While those who believe in self-determination may not approve of the Romans right to do so, or their methods, those of us who appreciate roads, bridges and infrastructure understand the positive investment yields that the introduction of intellectual capital to a place can generate. From one point of view, Rome financed its conquests not just by ransacking them — but by making places smarter in the material sense.

    The tapeworm — a parasite that over time eats its host —can more accurately describe the demonic patterns of stripping places of intellectual capital that come with American imperial conquest. The “dumbing down” so often complained about within America’s borders is a phenomenon that our military appears to be implementing globally. We seem intent on removing spiritual power and intellectual IQ as we depopulate globally, moving out the honest and competent and putting the corrupt and bureaucratic in charge.

    • Afewknowthetruth 11.1

      In practice the Roman Empire was built on looting, slavery and unsustainable agricultural practices. The most successful phase was when proceeds from looting exceeded the cost of maintaining the army.

      American imperial conquest was initially successful because the USA was the only significantly industrialised nation in its hemisphere. The next phases were on the back of incredibly cheap oil. After WW2 the US was the only major industrial nation that had not been devastated. That allowed global domination via the establishment of the US dollar as the world’s reserve currency and promotion of consumerism.

      None of the factors that allowed expansion of capitalism or US domination now apply. We are now living in a world of contraction -especially energy and resource contraction- but most people are attempting to hang on to redundant paradigms founded on expansion.

      When there is nothing left to eat ‘the beast’ begins to consume itself/.

  12. Lets be rational 12

    I’m not going to take a position on this because through experience, regardless of what you say people will disagree and are unlikely to be convinced…. but i find this an interesting video to spark debate

    • mik e 12.1

      Lets be rational or national. Show me a country that has got sustained growth without market intervention

      • Lets be rational 12.1.1

        It is a slightly unorthodox example and probably impossible to replicate elsewhere but the middle east and more specifically dubai, abu dhabi seem to do pretty well. From what I hear from a friend living there, income tax is 0%. I’m not for zero govt by any means but I do appeal to the idea that most of the best science innovation and tech etc seems to come from commercial institution as opposed to the opposite.
        I do understand that the management calibre in NZ is not great but its a little unfair to generalise that across the board, we do have some pretty good businesses which dervie from the manager (often owners), chances are people remember the bad more than the good.

        • felix 12.1.1.1

          lol, your only example is based on slave labour.

          Why am I not surprised?

          • Lets be rational 12.1.1.1.1

            I’m more than certain that those two economies are not built on slave labour.. but if you do compare it to NZs “bubblewrap” employment relations it may appear that way.

        • RedLogix 12.1.1.2

          From what I hear from a friend living there, income tax is 0%.

          Umm… yes but from what I read a while back the Dubai govt owns much of the country’s commercial real-estate. They have taxation alright, just not in the traditional forms we expect.

        • Colonial Viper 12.1.1.3

          Uh….you just used fiefdom petrostates as an example of countries who do well without market interventions. However:

          The crude market that they rely upon is one of the most heavily controlled and manipulated markets in the world.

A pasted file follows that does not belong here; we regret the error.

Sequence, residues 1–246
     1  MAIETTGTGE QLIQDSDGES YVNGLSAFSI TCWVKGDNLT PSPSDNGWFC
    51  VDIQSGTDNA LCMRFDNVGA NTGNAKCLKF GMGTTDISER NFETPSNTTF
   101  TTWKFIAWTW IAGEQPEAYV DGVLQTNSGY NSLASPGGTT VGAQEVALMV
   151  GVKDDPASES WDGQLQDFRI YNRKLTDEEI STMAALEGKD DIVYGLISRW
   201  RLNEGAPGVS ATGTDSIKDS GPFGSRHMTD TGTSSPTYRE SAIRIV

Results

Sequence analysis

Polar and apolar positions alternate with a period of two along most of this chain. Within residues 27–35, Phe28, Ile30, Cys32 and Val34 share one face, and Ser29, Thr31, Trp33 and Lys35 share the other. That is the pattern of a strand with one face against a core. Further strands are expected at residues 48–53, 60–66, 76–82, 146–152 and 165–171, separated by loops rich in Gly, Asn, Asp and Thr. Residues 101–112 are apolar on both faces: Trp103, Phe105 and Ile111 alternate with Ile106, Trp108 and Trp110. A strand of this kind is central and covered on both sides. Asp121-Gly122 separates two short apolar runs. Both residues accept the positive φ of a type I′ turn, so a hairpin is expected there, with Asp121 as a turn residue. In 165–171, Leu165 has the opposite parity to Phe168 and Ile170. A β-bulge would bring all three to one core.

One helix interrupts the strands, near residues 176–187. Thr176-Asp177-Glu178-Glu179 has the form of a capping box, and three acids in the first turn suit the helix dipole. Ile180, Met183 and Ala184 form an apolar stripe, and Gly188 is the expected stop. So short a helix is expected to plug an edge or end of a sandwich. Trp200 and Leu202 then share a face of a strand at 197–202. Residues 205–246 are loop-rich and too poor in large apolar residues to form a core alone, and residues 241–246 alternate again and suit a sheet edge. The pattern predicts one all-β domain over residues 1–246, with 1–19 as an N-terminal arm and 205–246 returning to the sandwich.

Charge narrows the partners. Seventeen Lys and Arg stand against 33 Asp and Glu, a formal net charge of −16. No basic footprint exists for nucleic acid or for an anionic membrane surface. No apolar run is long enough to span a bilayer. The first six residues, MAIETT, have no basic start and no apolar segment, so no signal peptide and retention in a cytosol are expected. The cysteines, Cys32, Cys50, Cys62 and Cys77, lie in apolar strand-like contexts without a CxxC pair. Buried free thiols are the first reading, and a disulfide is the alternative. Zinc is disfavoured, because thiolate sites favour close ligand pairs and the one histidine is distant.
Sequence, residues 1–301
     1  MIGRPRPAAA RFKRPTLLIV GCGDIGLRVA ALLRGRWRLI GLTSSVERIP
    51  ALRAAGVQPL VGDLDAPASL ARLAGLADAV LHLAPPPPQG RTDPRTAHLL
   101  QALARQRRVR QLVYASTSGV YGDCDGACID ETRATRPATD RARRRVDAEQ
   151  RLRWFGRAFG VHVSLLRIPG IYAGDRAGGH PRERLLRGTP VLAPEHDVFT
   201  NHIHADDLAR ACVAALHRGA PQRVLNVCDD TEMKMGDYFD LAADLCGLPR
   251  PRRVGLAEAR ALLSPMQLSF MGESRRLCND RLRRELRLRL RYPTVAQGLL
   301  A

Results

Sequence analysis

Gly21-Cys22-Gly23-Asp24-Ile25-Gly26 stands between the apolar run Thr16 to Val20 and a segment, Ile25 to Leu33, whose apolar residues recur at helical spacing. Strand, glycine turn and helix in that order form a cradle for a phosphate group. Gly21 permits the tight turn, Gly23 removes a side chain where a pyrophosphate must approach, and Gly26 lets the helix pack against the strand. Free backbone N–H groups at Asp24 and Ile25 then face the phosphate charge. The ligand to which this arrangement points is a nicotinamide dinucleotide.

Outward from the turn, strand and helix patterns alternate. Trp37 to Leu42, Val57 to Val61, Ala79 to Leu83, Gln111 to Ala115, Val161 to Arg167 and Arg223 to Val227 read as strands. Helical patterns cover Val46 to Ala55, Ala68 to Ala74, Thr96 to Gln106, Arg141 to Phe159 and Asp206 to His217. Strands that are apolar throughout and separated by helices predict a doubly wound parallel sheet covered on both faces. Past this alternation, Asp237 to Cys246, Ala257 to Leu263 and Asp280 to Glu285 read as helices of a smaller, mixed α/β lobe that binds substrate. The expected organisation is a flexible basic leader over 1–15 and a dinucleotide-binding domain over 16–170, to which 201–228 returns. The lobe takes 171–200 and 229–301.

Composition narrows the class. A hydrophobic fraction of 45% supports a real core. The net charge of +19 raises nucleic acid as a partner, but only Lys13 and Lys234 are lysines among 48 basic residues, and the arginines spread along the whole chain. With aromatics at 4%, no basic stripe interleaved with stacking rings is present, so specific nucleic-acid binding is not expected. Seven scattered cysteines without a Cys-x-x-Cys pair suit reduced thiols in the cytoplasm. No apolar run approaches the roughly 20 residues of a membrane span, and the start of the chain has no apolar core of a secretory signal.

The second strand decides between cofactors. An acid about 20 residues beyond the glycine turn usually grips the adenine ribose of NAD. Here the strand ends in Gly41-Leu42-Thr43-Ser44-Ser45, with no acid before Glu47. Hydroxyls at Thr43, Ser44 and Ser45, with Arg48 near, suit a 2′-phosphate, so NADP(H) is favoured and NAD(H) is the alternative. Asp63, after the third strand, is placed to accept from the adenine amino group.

And what do you think OPEC was formed as? A cartel. And what do cartels do huh? Control markets. (Except OPEC can’t any more as the laws of physics are now against it).

          I do appeal to the idea that most of the best science innovation and tech etc seems to come from commercial institution as opposed to the opposite.

          This is totally totally totally untrue. From nuclear warheads and vast military tech, to jet engines, transistors and computer chips, to the internet, the high risk basic research was all government based or government funded.

          Where do you get your ideas from, seriously.

      • Libra 12.1.2

        Hong Kong.

        • Colonial Viper 12.1.2.1

          Wait…is this the same Hong Kong which the British built up over decades after obtaining it by the most classic market intervention of all? Military victory?

          And which the British then used as a trading port to abrogate the sovereign rights of China?

          And which around the time of handover, the British were rumoured to have sucked many billions out of before giving the colony back to the Chinese?

          And whose economy is currently afloat with a huge flood of money from mainland China?

          Perhaps none of these things are associated with ‘market interventions’. Or they all are.

          • Libra 12.1.2.1.1

            That’s their history. Economies change. The US is the prime example. Just because a country started well off doesn’t mean it can’t fail.

            “And which around the time of handover, the British were rumoured to have sucked many billions out of before giving the colony back to the Chinese?”
            Oh, so maybe it didn’t start off so well.

            And since when has China propped up Hong Kong’s economy?

          • rosy 12.1.2.1.2

            1998 Asian Crisis:
            “That step was taken in 1998 by the Hong Kong Monetary Authority, which purchased $15 billion of stocks as the territory was rocked by the Asian financial crisis. Hong Kong’s was about the only government intervention in asset markets in history that worked”

            http://www.bloomberg.com/news/2011-08-08/g-7-vows-to-take-all-necessary-measures-to-stabilize-economies-markets.html

  13. Gosman 13

    Ummmmm…. so your solution to this perceived problem is what exactly?

    • ropata 13.1

      CGT, close tax loopholes, reduce barriers to housing market, regulate & disincent rentier behaviour, outlaw insider trading, better tariffs and protection for local industry, stronger unions, tougher financial monitoring …

      a lot of basic things that sensible democracies have done for decades, it is obvious that having an elite of 1% with greater wealth than the other 95% is a recipe for riots